The Associated Press recently published an article called “Medical benefits of dental floss unproven”. A similar one from the New York Times followed: “Feeling Guilty About Not Flossing? Maybe There’s No Need.” The BBC continued the trend with “Should you floss or not? Study says benefits unproven”. Vox chimed in with a characteristic “The AP asked the government for proof that flossing works. The answer: ¯\_(ツ)_/¯”. News.com.au rounded out the set with “Flossing is a complete waste of time: investigation”.
In a world where climate-change-deniers, anti-vaxxers, and young-earth-creationists serve as elected representatives, clearly overwhelming scientific evidence is insufficient when the message is inconvenient. This is not assisted by scientific journalism being, on the most part, bad (see Huffington Post’s “A Glass Of Red Wine Is Equivalent To An Hour At The Gym”).
The reason for bad science reporting is economic: newspapers want readers, and more people click on “wine = gym” than anything printed in Nature. I hope you are skeptical of the gym wine equality. If not, ask what the consequences would be if you swapped wine with the gym? These stories are an incredibly dangerous form of bad science. They’re not an argument against flossing, but against doing so badly. They’re not an argument against flossing, but an argument against doing it poorly.
If you read the articles you might notice that the studies cited are in fact studies of studies. You would be right in concluding that there is relatively little evidence for the benefit of flossing in particular. But is that really the message you take away from these headlines? I, personally, read them as “Hey! Person who is statistically likely to be relatively undisciplined in oral hygiene! Relax 🙂 Your dentist is talking crap. Click here to have your laziness validated!”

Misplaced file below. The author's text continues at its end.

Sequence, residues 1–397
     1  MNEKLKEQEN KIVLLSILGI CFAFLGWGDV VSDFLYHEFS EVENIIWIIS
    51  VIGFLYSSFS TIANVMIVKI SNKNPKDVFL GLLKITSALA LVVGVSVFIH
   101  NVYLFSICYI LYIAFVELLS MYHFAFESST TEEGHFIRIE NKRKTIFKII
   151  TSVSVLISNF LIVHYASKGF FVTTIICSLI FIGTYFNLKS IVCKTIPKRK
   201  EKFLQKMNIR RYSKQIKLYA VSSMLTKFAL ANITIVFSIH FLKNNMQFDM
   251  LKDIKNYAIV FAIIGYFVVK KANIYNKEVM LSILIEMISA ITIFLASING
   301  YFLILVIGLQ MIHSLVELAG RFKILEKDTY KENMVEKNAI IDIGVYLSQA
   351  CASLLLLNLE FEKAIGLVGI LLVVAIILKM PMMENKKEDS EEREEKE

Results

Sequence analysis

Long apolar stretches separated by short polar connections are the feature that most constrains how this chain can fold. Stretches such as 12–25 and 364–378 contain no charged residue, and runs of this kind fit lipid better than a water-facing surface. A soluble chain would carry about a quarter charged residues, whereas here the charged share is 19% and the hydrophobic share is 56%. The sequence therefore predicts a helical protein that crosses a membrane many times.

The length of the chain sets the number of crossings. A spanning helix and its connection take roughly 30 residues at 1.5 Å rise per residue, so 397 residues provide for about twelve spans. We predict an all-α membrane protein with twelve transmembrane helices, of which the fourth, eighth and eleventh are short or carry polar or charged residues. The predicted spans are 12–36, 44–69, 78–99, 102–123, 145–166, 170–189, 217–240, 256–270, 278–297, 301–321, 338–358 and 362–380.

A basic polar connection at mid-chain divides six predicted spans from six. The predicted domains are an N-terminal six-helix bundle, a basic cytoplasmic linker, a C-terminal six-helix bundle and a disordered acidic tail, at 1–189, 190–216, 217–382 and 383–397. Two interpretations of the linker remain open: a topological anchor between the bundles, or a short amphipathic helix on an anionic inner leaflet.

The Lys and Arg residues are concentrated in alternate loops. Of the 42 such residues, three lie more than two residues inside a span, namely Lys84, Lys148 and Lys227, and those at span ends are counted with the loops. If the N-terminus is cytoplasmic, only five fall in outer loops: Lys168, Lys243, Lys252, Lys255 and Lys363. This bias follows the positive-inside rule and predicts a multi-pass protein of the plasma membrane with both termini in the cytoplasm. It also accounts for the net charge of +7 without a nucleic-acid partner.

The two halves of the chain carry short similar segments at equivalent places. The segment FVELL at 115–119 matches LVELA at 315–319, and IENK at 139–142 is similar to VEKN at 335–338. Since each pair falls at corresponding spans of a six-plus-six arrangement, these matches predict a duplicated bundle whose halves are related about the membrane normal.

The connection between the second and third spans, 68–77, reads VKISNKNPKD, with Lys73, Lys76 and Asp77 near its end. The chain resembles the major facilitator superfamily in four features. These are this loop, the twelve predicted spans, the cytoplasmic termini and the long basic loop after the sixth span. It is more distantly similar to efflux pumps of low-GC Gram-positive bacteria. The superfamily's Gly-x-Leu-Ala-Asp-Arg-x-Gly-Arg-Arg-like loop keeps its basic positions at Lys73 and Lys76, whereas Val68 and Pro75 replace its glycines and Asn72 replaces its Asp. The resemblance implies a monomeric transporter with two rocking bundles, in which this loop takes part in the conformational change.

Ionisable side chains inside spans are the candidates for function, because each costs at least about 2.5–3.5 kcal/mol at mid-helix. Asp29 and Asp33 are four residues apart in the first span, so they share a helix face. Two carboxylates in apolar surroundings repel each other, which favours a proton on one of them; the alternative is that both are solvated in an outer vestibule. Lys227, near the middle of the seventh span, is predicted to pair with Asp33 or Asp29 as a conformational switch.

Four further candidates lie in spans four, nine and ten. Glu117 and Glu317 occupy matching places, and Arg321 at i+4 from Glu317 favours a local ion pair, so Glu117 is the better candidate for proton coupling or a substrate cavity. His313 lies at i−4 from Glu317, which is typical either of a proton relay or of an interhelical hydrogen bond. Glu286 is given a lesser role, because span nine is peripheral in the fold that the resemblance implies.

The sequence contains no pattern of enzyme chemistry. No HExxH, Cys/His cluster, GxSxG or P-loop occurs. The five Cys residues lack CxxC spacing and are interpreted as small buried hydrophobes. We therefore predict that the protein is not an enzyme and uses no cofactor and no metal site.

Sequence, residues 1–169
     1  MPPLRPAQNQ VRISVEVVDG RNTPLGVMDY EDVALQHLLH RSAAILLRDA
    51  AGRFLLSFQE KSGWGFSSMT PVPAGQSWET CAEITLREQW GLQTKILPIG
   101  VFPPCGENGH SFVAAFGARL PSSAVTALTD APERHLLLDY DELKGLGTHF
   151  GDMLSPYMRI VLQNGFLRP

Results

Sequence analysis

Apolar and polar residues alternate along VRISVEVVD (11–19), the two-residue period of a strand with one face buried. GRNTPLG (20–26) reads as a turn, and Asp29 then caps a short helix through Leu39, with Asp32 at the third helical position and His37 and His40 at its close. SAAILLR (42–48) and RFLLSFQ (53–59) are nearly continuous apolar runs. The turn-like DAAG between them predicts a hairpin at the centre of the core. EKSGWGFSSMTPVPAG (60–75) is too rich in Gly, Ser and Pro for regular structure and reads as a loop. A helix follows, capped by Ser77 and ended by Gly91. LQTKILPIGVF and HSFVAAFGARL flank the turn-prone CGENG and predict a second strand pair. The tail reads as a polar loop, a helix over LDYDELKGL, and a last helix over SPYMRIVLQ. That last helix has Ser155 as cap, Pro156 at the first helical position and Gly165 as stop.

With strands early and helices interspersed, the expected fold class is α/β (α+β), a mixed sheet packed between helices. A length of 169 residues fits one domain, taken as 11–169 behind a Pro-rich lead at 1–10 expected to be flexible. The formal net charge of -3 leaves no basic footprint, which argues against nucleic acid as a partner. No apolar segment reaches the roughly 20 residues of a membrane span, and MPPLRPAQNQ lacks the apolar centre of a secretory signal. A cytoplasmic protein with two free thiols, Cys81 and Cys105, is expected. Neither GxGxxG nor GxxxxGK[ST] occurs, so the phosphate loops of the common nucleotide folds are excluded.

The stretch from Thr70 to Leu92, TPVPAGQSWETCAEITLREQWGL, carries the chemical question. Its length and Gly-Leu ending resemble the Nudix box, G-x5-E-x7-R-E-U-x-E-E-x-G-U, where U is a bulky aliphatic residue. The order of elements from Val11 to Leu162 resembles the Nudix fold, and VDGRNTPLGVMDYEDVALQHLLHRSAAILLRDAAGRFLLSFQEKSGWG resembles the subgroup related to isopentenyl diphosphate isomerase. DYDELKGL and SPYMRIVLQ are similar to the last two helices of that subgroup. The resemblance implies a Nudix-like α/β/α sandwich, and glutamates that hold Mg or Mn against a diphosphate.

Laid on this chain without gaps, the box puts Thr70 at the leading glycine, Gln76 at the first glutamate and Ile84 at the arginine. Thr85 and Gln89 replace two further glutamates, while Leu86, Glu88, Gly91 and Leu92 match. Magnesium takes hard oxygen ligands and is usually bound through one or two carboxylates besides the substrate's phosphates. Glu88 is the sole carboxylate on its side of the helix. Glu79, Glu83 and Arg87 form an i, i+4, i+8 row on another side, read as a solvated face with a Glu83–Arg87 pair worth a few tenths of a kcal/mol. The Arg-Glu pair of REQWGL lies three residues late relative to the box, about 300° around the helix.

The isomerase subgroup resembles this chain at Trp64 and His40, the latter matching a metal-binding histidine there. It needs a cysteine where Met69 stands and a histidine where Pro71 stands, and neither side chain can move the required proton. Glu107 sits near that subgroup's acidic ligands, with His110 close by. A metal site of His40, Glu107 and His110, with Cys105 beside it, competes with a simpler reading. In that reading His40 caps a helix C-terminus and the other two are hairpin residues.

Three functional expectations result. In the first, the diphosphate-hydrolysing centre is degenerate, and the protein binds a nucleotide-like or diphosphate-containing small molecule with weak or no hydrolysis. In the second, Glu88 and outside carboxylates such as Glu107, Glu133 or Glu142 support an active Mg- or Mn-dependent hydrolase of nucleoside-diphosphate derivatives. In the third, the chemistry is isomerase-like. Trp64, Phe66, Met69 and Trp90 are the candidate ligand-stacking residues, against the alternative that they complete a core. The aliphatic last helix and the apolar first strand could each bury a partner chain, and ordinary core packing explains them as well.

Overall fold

You may feel broadly the same. The real problem in the data, by way of insufficient and poorly controlled studies, is very different to the cognitive dissonance these articles inspire. Here is a quick refresher on tooth decay. You are mostly bacteria (though not 10:1). Some of those bacteria live in your mouth, where you also put food and grind the food into small pieces. Lots of food either contains sugar, or can be converted to sugar. If this food stays in your mouth, the bacteria digest it and produce acid. This breaks your teeth. This hurts. So you don’t want food and bacteria to stay on your teeth.
I am not a dentist but teeth + acid = bad times for you. Don’t soak your mouth in acid. Don’t leave sugar or starch in your mouth for bacteria to eat. Rinsing with clean (fluoridated) water is great. Brushing your teeth helps some more. And when there are bits of food in between your teeth, you probably need something more than water and the toothbrush. Vice-President of the American Academy of Periodontology, Wayne Aldredge, uses floss. One of the authors of anti-floss papers, Fridus Van Der Weijden, uses toothpicks.
So you don’t have to floss, but you do have to clean your mouth out. Properly. Professor Joerg Eberhard, speaking with Honi, says “interdental cleaning is even more important than using a toothbrush”.
But back to the story that broke. Here are some quotes from the studies that were cited: “Flossing plus tooth brushing showed a statistically significant benefit compared to tooth brushing [alone] in reducing gingivitis”.
“Professional flossing performed on school days for 1.7 years on predominantly primary teeth in children was associated with a 40 per cent caries risk reduction.”
“The dental professional should determine, on an individual patient basis, whether high-quality flossing is an achievable goal.”
“There is some evidence from twelve studies that flossing in addition to tooth brushing reduces gingivitis compared to tooth brushing alone.”
In short, those clickbait headlines should actually read “Flossing Works But You’re A Bit Shit At It”. With a lede like that, the article is probably not going to get many readers, but that’s science.